David,
Royal Navy, Aircraft Engineer, Project Manager, Yachtsman, Eroica Cyclist,  Railway Modeller

Offline CommanderChuff

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Re: Model of Folkestone Harbour railway
« Reply #3 on: January 29, 2018, 21:31:18 »
Dave,

Thanks for the appreciation, and they are indeed O gauge.
David,
Royal Navy, Aircraft Engineer, Project Manager, Yachtsman, Eroica Cyclist,  Railway Modeller

Offline Dave Smith

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Re: Model of Folkestone Harbour railway
« Reply #2 on: January 29, 2018, 18:37:23 »
C.C. In keeping with all that has gone before, attention to detail is fantastic! Even the Driver/Fireman look "right"- congrat's, again. Incidentally, is it O Gauge?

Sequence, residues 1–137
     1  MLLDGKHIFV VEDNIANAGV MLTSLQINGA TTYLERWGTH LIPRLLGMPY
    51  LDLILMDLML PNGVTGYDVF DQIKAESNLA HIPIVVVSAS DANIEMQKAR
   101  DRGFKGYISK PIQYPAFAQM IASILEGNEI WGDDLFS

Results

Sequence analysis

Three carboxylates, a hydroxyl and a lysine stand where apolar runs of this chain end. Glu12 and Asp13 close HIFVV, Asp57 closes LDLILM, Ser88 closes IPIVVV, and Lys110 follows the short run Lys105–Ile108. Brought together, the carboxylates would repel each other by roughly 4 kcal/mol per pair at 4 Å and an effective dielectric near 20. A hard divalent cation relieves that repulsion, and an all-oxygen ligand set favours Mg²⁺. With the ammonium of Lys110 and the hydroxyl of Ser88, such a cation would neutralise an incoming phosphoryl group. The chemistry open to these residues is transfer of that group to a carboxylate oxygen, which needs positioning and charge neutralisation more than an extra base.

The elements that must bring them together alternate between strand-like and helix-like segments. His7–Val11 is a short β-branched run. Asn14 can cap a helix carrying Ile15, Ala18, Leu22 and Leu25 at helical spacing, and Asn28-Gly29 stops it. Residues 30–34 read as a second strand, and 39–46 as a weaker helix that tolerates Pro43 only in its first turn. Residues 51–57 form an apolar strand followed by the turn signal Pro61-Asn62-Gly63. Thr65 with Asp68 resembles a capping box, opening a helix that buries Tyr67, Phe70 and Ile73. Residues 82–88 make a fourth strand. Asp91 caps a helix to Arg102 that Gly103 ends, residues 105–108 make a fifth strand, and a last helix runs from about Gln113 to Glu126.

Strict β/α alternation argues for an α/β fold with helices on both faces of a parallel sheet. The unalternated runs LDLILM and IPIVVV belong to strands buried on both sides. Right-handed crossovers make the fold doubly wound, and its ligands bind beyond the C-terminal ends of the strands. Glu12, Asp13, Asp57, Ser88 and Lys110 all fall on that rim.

Offline CommanderChuff

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Model of Folkestone Harbour railway
« Reply #1 on: January 25, 2018, 09:48:38 »
Some images of the second train up the FFF incline.  The locos used on this test were built and painted by my late father, and to enternal shame are much better performers on the track.  The idea is to check that using two separate controllers for the lead and banker locos is a workable option, the aim being to maintian the momentum of the train up the hill by varying the power of the bankers. Just like the real things I suppose.
David,
Royal Navy, Aircraft Engineer, Project Manager, Yachtsman, Eroica Cyclist,  Railway Modeller